On Friday, the members of the ATC reconnaissance team reviewed their individual observations. Specific buildings were also identified for ongoing monitoring.
On Thursday Laura’s team continued its route around the southern neighborhoods. They continuously saw buildings with nonstructural masonry infill walls that seemed to have acted as lateral resisting elements, evident by the in-plane damage.
On Wednesday, the ATC reconnaissance team sub-groups were rearranged. Ramon and Jennifer’s group visited the Condesa neighborhood in the northern part of the city. Here the team assessed two buildings, one of which suffered some damage, and the other nearly none. Another group, including Laura Hernandez, focused on the southern area of Mexico City where they saw several structures with distinct damage
GMS engineers and the other members of the Applied Technology Council (ATC) reconnaissance team arrived in Mexico City and coordinated their plan of action to study the effects of the 9/19/2017 earthquake on building structures. The first morning, they met at the WSP office to organize the reconnaissance for that day. In order to maximize the use of the researchers’ time, the team was divided into three smaller groups. Each went to a different section in the city to evaluate damage.
GMS engineers departed for Mexico City on Monday to be joined by remaining members of the Applied Technology Council (ATC) reconnaissance team reviewing the aftermath of the 9/19/2017 earthquake. The goal of this reconnaissance mission is to perform detailed assessments of reinforced concrete structures with all levels of damage. The reconnaissance will focus on identifying the likely cause of collapse in concrete buildings that performed poorly, and the likely cause of good performance in non-collapsed buildings in the immediate vicinity.
Mexico is one of the world’s most seismically active regions, sitting atop several intersecting tectonic plates. On September 19, 2017, a magnitude 7.1 earthquake hit the Greater Mexico City area killing 370 people and collapsing 40 buildings. The quake occurred on the 32nd anniversary of the 1985 Mexico City earthquake, which killed around 10,000 people. The 1985 quake was commemorated, and a national earthquake drill was held, at 11 a.m. local time, just two hours before the 2017 earthquake. Twelve days earlier, the even larger 2017 Chiapas earthquake struck 400 miles away, off the coast of the state of Chiapas.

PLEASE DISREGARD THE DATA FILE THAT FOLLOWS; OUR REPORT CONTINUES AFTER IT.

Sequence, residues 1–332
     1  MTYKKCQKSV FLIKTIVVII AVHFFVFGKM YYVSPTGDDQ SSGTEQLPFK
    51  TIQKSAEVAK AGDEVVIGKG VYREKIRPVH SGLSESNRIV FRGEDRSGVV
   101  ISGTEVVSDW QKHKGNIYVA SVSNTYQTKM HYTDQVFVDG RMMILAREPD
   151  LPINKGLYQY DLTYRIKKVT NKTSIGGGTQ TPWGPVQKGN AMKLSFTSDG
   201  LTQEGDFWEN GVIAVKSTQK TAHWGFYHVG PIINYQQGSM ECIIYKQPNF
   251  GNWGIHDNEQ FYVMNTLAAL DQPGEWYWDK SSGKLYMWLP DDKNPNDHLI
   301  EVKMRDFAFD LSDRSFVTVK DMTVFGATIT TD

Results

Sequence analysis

In support of ongoing U.S. Government-funded research and development projects in earthquake engineering, the Applied Technology Council (ATC) Endowment Fund is sponsoring a team of experts to investigate the performance of buildings in Mexico City following the event.
Several of our engineers ventured to Denver, CO, to present their papers, studies and projects at this year’s Structures Congress. The congress is organized annually by the Structural Engineering Institute of the American Society of Civil Engineers.
The 16th World Conference on Earthquake Engineering, organized by the International Association of Earthquake Engineering took place from 9th January to the 13th January 2017 in Santiago, Chile. The conference covered engineering seismology, tsunamis, geotechnical earthquake engineering, design of new structures, assessment and retrofitting of existing structures, infrastructure and lifeline systems, preparedness and emergency management of large earthquakes, as well as social and economic aspects, and urban risk assessment.
GMS Associate Jessica Mandrick wrote an opinion in the STRUCTURE magazine column, Structural Forum.
Natural disasters devastate communities, destroy structures, halt livelihoods, and take lives. With each event, engineers aim to improve our practices to lessen the impact of future incidents. Reconnaissance trips following natural or manmade disasters can provide a valuable education.
On October 18, 2016, Ramon Gilsanz of GMS presented to the members of the Structural Engineers Association of New York (SEAoNY) about global trends in earthquake design and resilience.
The lecture looked at common features of buildings in a variety of regions across the world which are prone to earthquakes. Such features include weak ground stories, considerations for adding new floors, alterations and enlargement of existing buildings and the potential for soil failures like liquefaction and lateral spreading. Using his experience from earthquake reconnaissance trips to Chile, Virginia, Greece, Taiwan and Ecuador, Mr. Gilsanz then discussed the impact of resilience in structures, specifically how to apply lessons from other cultures to improve the built environment here in New York City. He concluded with a review of the NYC Building Code provisions for resilience.